March 2009 - Switched Ethernet Latency

Communications Insider: March 2009: Volume 4 Issue 1

Switched Ethernet Latency

Ethernet has challenged certain alternative network technologies because of its high data throughput rates. However, despite its throughput advantages, Ethernet has a key shortcoming: the exact time it takes any single packet to traverse the network cannot be predicted.

Unpredictable latency is not acceptable for certain types of applications where message delivery must occur within a specific time limit. So the question becomes: If we cannot know the actual time, can we calculate the maximum time a packet will need to travel from one end of the network to the other? Fortunately, the factors which influence latency in a switched Ethernet network are well known, so it is possible to make this analysis.

Worst Case Latency Analysis
To come up with the worst case scenario that would result in the highest latency, let’s assume the network topology shown in Figure 1. There are four devices, A – D, communicating via this switch:

  • Device A is a main controller
  • Device B and C send large (1518 Byte) frames at high data rates to Device A (assume they are video cameras streaming data.) Traffic from B and C to A has a low priority.
  • Device D is a latency critical controller, which sends 1000 Byte packets every 100ms to Device A. Traffic from D to A has a high priority.

In this example, latency is the time from when the first packet bit is clocked out on the Ethernet transmit link of Device D until the last bit of the same packet is clocked in on the receive link of Device A. This analysis deals only with the Ethernet network and does not include time required by operating systems on Device D and Device A.

Note: In this example, the switch is a Gigabit Ethernet switch, but the links are established at 100Mbit/sec. This will influence the internal switch capacity and the maximum data/packet rate each port can sustain. Abbreviations: B=Byte, b=bit, ms=millisecond, us=microsecond.

Using Figure 1, with a 24 port switch capable of line rate performance, or 48Gb/s throughput, the latency can be calculated as follows:

  1. Time to transmit all the bits from Device D to the input FIFO of Switch Port 24:
    (1000B(packet) + 20B(preamble, inter-frame gap) )*8b / 100Mb/s = 81.6 us
  2. Time to write packet data into switch memory:
    In a worst case scenario, all the other 23 ports have just received large 1518B packets and are ahead of us in writing it into the memory. Plus, all 24 ports are waiting to get a max size 1518B packet from the memory. At the switch’s 48Gb/s throughput:
    ( 23*1518B*8b + 24*1518B*8b ) / 48Gb/s = 11.89 us

    To write our critical packet into memory will take an additional:
    1000B*8b / 48Gb/s = 0.167 us

    So the total time to store the packet will be:
    11.89 us + 0.167 us = 12.06 us

    NOTE: We have assumed that all pending packets are also of high priority, which is typically not the case. In a more realistic case, the waiting time for memory access should be reduced to the time it takes to write in one packet.

3. Time to perform a lookup:
The address lookup engine operates in parallel and does not add extra time.
4. Time to read packet data from memory is the same as time to write, see Step 2:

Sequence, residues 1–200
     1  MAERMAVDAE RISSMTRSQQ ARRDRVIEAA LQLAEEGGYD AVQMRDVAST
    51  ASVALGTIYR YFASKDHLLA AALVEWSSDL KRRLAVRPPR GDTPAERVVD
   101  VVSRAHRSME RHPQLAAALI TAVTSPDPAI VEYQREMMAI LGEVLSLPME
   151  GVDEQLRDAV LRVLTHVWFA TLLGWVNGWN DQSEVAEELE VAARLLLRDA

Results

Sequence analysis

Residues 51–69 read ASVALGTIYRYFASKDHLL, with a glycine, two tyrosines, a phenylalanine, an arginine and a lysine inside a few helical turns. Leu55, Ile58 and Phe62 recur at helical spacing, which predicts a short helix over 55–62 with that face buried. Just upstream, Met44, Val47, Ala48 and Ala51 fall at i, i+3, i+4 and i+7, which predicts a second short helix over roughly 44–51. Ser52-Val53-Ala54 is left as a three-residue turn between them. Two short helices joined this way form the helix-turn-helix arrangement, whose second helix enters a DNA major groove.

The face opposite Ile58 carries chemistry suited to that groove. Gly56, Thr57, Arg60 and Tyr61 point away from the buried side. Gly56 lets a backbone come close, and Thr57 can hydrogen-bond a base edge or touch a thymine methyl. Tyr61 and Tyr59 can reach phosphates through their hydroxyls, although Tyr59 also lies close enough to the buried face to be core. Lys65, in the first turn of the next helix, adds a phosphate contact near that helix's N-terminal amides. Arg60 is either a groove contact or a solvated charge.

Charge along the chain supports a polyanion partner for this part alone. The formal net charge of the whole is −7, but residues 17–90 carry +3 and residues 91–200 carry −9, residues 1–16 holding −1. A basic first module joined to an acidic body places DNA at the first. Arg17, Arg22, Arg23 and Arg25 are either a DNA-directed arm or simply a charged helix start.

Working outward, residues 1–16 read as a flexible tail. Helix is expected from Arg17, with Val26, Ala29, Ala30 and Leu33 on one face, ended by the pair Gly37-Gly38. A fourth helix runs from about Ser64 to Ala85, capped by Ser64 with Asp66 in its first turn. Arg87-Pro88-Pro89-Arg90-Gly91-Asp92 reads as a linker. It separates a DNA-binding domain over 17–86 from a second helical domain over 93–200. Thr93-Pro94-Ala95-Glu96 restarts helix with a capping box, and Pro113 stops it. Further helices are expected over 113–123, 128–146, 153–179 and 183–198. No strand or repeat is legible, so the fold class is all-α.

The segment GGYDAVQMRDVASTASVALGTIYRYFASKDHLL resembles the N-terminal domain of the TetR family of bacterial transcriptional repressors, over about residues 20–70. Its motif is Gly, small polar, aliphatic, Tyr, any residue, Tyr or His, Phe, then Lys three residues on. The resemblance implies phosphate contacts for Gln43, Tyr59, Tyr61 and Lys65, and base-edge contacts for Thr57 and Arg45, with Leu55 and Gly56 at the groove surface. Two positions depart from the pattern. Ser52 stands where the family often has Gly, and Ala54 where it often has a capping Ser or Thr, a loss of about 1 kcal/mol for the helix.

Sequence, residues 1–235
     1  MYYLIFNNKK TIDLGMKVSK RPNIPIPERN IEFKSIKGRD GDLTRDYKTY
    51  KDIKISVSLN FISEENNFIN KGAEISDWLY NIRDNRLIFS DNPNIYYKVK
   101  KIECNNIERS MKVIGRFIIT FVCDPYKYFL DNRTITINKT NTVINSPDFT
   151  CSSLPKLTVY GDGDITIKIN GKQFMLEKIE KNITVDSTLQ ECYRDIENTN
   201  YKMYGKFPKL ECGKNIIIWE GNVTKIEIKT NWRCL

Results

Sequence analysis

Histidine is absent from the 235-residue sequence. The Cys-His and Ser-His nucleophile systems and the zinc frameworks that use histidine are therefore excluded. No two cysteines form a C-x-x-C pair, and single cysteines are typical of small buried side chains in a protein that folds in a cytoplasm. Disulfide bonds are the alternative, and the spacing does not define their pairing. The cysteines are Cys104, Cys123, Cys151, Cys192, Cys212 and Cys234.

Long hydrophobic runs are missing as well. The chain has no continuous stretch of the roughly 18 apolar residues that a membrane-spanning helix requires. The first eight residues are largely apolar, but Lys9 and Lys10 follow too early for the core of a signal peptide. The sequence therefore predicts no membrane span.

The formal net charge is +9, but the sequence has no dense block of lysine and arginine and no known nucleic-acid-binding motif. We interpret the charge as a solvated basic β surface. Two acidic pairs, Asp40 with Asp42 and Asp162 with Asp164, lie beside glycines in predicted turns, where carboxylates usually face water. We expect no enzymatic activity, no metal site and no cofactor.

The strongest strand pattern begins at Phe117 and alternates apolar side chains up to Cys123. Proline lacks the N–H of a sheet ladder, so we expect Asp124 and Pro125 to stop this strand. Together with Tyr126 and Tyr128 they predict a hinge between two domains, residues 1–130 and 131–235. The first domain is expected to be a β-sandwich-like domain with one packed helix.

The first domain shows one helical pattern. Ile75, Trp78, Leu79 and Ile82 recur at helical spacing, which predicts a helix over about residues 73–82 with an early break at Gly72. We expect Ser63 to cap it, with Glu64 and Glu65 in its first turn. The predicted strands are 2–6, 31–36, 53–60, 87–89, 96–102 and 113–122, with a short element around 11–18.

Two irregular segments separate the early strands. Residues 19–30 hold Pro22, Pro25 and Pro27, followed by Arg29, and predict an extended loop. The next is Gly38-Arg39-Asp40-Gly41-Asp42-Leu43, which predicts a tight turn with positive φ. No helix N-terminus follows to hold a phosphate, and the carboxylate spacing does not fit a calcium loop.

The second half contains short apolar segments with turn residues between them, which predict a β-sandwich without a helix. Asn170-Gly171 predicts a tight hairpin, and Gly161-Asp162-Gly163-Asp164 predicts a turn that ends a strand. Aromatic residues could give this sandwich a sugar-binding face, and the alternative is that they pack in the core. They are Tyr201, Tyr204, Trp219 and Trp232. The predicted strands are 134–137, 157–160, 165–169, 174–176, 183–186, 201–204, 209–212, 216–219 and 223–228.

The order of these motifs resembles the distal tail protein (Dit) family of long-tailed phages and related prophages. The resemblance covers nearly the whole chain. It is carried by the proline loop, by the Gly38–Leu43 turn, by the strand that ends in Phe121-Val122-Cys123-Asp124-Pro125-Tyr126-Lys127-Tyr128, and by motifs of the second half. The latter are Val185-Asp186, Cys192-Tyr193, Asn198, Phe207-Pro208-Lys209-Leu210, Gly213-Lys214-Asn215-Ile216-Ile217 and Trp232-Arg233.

Total time to read the packet will be: 11.89 us + 0.167 us = 12.06 us
5. Time to transmit the packet:
In this step, we have to consider how full the output queues might be, and in a worst case, let us assume that there are 23 other high priority packets waiting in the queue.

Then, time to wait: 23*(1000B + 20B (preamble, IPG) )*8b / 100Mb/s = 1876 us

And, time to transmit: (1000B + 20B (preamble, IPG) )*8b / 100Mb/s = 81.6 us

Total time: 1876 us + 81.6 us = 1957 us

NOTE: Waiting time in the output queue could be by far the highest contributor to the overall latency, hence it is important to accurately establish how many independent devices can be potentially sending high priority packets to the same destination device. If, for example, there are only 10 such devices, instead of 24 as assumed in the calculation above, waiting time can get reduced down to: 9*(1000B + 20B (preamble, IPG) )*8b / 100Mb/s = 734 us

Putting it all together we get: 81.6us + 12.06us + 12.06us + 1957 us = 2062 us or 2.06 ms

The calculations shown here give an example of how worst case latency in a Switched Ethernet network can be estimated. There are a few other things, however, that are important to note:

  1. Ethernet is a Best Effort technology. Switches will drop packets as soon as their memory and FIFOs fill up, hence it is important to plan for lower than maximum network utilization.
  2. TCP and UDP protocols used over Ethernet are notorious for generating bursty traffic patterns. Even when a network is underutilized, if every network device starts sending a large number of packets at once, the switch packet memory might overflow. Therefore, network design should look into how much packet memory is available and allocate memory based on packet priority, starting to drop low priority packets first if overflow occurs.

  3. Another aspect of network design is the end nodes themselves. The operating system needs to support latency expectations. If the operating system is tied up with some task for an extended amount of time without servicing Ethernet packets, that in turn might create FIFO congestion on the device itself. As a response, the Ethernet controller might invoke Ethernet flow control to throttle down packet transmission from the switch, moving congestion further upstream in the network. Therefore network design shall insure that devices are capable of handling the expected amount of traffic, and that they are able to assign packet priorities and differentiate their handling.